Are investors switching back to commodities from shares?
OK, commodities overall didn't fare that well on Monday,
with the CRB index up 0.1%.
But that was, nonetheless, better than shares managed,
standing 2.0% down in Wall Street in late deals, after closing down 0.7% in London,
by 1.4% in Paris and 1.8% in Frankfurt, after a disappointing survey of US
manufacturing activity from the Institute of Supply Management followed weak
data from China reported earlier.
The ISM's headline index dropped to an eight-month low of
51.3 in January, from 56.5 in December, while the new orders sub-index plunged
from 64.4 to 51.2, the biggest monthly decline since 1980.
And many agricultural commodities fared far better still –
notably arabica coffee, which soared
8.5% to close at 135.95 cent a pound in New York for March delivery, the
highest finish for a spot contract in eight months and the best one-day gain in
The gains reflected concerns over dryness and heat in Brazil
reported elsewhere on Agrimoney.com, including a caution that it is not just
the 2014 crop that stands to be affected by the conditions, but next year's
harvest too, with the vegetation needed for flowering come September off to a
It helped that hedge funds were caught leaning the wrong
way, in market parlance, having raised their net short position to 5,454 lots as
of last Tuesday, with gross shorts – requiring buying coffee to close - at more
than 43,000 lots.
In London, robusta
coffee got a lift too, adding 3.4% to $1,839 a tonne for May delivery, a
five-month closing high for a nearest-but-one contract.
On another day, raw
sugar might have been expected to post strong gains too, with Brazil's cane
growing Centre South region also being at the epicentre of dryness concerns, as
MDA pointed out.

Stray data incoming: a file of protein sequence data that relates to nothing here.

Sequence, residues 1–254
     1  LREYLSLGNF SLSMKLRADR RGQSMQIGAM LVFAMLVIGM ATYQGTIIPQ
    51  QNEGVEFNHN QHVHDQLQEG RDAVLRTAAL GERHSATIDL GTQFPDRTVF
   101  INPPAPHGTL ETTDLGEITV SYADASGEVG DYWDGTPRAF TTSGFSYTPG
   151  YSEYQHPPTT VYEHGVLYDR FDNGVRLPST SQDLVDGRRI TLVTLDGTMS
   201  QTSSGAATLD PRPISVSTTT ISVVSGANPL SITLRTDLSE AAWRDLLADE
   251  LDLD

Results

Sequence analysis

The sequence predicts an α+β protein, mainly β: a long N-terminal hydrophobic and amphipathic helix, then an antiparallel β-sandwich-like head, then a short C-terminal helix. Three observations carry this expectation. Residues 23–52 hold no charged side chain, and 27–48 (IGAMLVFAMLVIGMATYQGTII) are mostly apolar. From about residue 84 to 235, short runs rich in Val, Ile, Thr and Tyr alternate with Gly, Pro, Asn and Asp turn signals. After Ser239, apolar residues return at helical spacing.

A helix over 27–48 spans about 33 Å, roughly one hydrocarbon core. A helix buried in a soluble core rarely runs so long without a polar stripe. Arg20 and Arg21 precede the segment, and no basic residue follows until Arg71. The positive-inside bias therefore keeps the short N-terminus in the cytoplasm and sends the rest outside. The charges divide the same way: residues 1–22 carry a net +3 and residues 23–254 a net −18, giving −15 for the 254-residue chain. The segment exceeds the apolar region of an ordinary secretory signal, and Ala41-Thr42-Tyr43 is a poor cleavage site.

Furthermore, hedge funds are even more bearishly positioned
in raw sugar than in arabica coffee, with a net short of more than 58,000
And there are some other reasons to be bullish on the
sweetener, as Marex Spectron revealed.
Still, cane is viewed as a resilient plant, and arguably
more of the Sao Paulo crop is irrigated than the coffee plantations in
neighbouring Minas Gerais.
Raw sugar for March managed gains, but not such explosive
ones, ending 1.2% higher at 15.74 cents a pound, with a fresh decline in Brazil's
real, down 1.1% against the dollar, also adding some pressure.
"The correlation between sugar and the Brazilian real had
been uncanny" until recently, Marex said.
But will Brazil's dryness prove negative for soybeans too, of which the country is
the top exporter, and potentially biggest producer as well?
Opinion is mixed on that one. For some, the dryness will
actually only help farmers, by allowing a speedy harvest.
"It has turned warm and dry in Brazil, but it is primarily
in the areas that are already harvesting," Darrell Holaday at Country Futures
"Remember, Brazilian soybean harvest fought rain last year
Farm research group Imea said that while the harvest in Mato
Grosso, Brazil's top producing state, is 10.6% complete, down from 11.4% a year
ago, that reflects a bigger crop.
… or bad news?
However, consultancy AgRural was not so certain, saying that
dryness might prompt it to cut its forecast for Brazil's soybean harvest.
And, as an extra support to prices, yet again the dog of